Slovenia: Political System
Slovenia is a parliamentary republic. The constitution dates from 1991. The
head of state is the president, who is elected by the people for five years. The
executive power lies with the government, which is led by the Prime
Minister. The parliament is elected for four years. 38 MPs are directly elected,
50 MPs by an electoral commission, there is also a representative of the Italian
minority and one of the Hungarian minority. Citizens aged 18 and over are
entitled to vote.
The leftist candidate and former UN official Danilo Türk (born 1952) is the
incumbent President of Slovenia. In the runoff election on Sunday, November 11,
2007, 68.26 percent of the voters voted for him. His conservative rival Lojze
Peterle received 31.74 percent. Türk took office on December 23, 2007. He is the
third president of the country after Milan Kuan and Janez Drnovšek. Milan Kuan
held the office from 1991 to 2002 and Janez Drnovšek from 2002 to December 22,
2007. The prime minister, i.e. the head of government, has been Janez Janez
Janša (born 1958) since November 2004.
According to Digopaul.com,
the official name of the country is:
Republic of Slovenia
The Slovenian national anthem was written by France Prešeren in 1844 and set
to music by Stanko Premrl (1880-1965). It was designated the national anthem on
September 27, 1989 by the then Slovenian parliament.
In German the hymn is called drinking song
||In the English translation
so trte vince nam sladkó,
ki nam oživlja žile,
srce razjásni in oko,
ki utopi vse skrbi,
v potrtih prsih up budi!Komú narpred veselo
zdravljico, bratje! cmo zapét '!
Bog našo nam deželo,
Bog živi ves slovenski svet,
brate vse, kar nas je
sinov slovece matere!V sovražnike 'z oblakov
rodú naj naš'ga treši gróm
prost, ko je bil ocakov,
najprej naj bo Slovencov dom;
naj zdrobé njih roké
si spone, ki jih še težé!Edinost, sreca, sprava
k nam naj nazaj se vrnejo;
otrók, kar ima Slava,
vsi naj si v róke sežejo de oblast
in z njo cast, ko préd, spet naša boste last!Bog žívi vas Slovenke
prelepe, žlahtne rožice;
ni take je mladenke, ko naše je krvi dekle;
naj sinóv zarod nov
iz vas bo strah sovražnikov!
Mladenci, zdaj se pije
zdravljica vaše, vi naš up;
noben naj vam ne usmrti strup;
ker zdaj vas kakor nas,
jo srcno bránit klice cas!
Živé naj vsi naródi
ki hrepené docakat 'dan,
da koder sonce hodi,
prepir iz svéta bo pregnan,
da rojak prost bo vsak,
ne vrag, le sosed bo mejak!
Nazadnje še, prijatlji,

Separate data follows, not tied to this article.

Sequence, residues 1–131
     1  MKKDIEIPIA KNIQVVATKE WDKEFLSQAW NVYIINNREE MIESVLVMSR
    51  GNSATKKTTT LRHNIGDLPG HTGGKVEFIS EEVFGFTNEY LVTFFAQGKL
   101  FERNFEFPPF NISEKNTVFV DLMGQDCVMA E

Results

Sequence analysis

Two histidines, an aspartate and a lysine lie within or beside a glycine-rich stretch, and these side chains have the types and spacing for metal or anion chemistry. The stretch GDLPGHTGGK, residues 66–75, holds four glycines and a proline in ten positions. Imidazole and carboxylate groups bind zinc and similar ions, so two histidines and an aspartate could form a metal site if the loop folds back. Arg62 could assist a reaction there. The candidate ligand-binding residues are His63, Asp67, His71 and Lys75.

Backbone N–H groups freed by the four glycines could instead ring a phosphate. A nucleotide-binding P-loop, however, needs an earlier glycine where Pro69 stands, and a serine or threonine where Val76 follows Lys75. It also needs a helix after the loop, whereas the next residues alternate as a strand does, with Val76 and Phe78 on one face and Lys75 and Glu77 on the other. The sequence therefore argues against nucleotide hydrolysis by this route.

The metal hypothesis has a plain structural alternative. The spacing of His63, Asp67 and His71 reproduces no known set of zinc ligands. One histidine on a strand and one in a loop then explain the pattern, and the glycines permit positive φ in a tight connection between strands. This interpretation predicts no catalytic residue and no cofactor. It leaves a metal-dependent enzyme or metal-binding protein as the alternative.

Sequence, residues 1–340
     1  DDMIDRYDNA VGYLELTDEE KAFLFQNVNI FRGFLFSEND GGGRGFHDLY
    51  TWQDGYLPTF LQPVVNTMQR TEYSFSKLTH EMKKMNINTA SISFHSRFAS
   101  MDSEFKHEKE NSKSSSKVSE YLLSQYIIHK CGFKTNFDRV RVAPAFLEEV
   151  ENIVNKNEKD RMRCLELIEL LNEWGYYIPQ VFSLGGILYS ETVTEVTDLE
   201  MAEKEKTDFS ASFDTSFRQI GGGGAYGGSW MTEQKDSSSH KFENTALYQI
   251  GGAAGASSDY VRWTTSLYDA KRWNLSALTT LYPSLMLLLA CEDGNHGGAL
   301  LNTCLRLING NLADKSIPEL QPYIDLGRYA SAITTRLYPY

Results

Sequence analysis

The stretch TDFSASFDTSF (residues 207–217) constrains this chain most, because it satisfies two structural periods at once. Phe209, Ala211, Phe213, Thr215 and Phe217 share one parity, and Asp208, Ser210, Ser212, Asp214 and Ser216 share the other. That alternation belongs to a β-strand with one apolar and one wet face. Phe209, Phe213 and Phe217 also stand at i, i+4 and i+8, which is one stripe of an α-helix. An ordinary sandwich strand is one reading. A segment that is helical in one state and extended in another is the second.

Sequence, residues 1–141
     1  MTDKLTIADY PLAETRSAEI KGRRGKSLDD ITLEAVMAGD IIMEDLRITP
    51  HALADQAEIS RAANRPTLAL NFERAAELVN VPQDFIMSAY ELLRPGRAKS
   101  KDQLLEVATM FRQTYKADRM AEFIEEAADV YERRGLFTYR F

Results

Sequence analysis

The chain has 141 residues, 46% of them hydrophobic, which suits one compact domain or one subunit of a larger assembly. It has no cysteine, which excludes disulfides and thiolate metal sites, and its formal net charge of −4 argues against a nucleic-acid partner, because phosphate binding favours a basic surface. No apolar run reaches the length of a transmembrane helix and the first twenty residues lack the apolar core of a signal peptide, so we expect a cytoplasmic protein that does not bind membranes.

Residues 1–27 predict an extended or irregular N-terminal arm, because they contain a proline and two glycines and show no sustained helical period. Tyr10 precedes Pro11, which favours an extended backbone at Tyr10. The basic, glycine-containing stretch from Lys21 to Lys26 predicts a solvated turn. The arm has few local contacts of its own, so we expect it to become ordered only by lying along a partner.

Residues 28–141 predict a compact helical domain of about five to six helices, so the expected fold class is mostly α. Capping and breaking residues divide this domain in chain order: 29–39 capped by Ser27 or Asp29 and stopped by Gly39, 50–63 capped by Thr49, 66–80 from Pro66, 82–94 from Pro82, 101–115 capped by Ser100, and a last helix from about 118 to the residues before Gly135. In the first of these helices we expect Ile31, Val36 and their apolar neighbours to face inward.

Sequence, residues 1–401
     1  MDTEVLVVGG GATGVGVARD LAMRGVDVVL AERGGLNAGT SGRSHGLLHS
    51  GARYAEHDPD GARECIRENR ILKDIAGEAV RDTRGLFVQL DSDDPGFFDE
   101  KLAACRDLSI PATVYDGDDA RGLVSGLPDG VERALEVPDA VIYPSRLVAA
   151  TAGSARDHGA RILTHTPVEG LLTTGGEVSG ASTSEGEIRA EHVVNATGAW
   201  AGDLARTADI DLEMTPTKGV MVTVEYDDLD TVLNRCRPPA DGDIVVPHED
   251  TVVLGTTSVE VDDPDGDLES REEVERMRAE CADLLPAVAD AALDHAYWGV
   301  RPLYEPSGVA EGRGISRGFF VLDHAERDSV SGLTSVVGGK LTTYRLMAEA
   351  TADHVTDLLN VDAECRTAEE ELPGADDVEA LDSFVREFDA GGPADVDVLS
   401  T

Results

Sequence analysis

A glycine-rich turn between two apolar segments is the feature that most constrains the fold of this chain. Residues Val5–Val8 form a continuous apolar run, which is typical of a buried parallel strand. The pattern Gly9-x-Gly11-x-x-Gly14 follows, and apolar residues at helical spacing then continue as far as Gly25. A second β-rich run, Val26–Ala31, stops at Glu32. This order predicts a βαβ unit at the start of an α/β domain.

kozarce zase vzdignimo,
ki smo zato se zbratli,
ker dobro v srcu mislimo;
dókaj dninaj živí
vsak, kar nas dobrih je ljudi!
|The vine has now brought back
the sweet refreshment drink that lifts
clears our hearts and eyes;
who drowns what hurts,
who brings hope into our chests.To whom be the first, happy toast,
friends! probably brought?
The home, the beloved,
her true God's holy power;
then here you guys
, sons of Slovenia for and for!Lightning may strike the enemy from high
our fatherland is free as it was from now on;
and shatters and displaces the fetters that it still
constrains.Reconciliation, happiness and unity are
coming, turn to us anew,
children, you of glory, all,
oh, reach out your hands faithfully;
that power awakens anew,
with it honor 'as ever' laughs at us.God preserve yourselves, you noble
beautiful and fine; there are no like you,
you wonderful maidens!
Sons of bold may you draw the enemy to fright,
yourselves to gain.
Cheers to you young men,
you our hope, our lust;
no poison should ever kill the love of your home in your breast.
be ready where you are
to protect the land the time calls!
Goodbye to the peoples
who longingly look to the day
on which the discord is driven out of space;
where freedom seems to the friend
and where the enemy becomes a neighbor.
Finally, let us drink to our well-being the liquid embers,
to us whom we fraternized,
because we are faithful and good in our hearts;
many years, clear as day!
to any good of our crowd
The national flag (national flag) of Slovenia was officially adopted in its
current form on October 20, 1994. Based on flag descriptions by
Countryaah.com, like the flag of Russia, it consists of three horizontal stripes of equal size:
white above, blue in the middle and red below.
To distinguish it, Slovenia has its coat of arms in the upper left part of the
flag. It consists of a blue shield with a red border on the two lower sides. The
sign shows over two waves, which symbolize the Adriatic Sea, the three-pointed
peak of Triglav, which is the highest mountain in the country with a height of
2,864 m, and the three gold-colored stars from the coat of arms of the Counts of
Slovenia: Known People
Architects and builders
Jože Plečnik) (1872-1957), internationally famous
architect. Among other things, he built the national and university library and
the “Three Bridges” in Lubljana.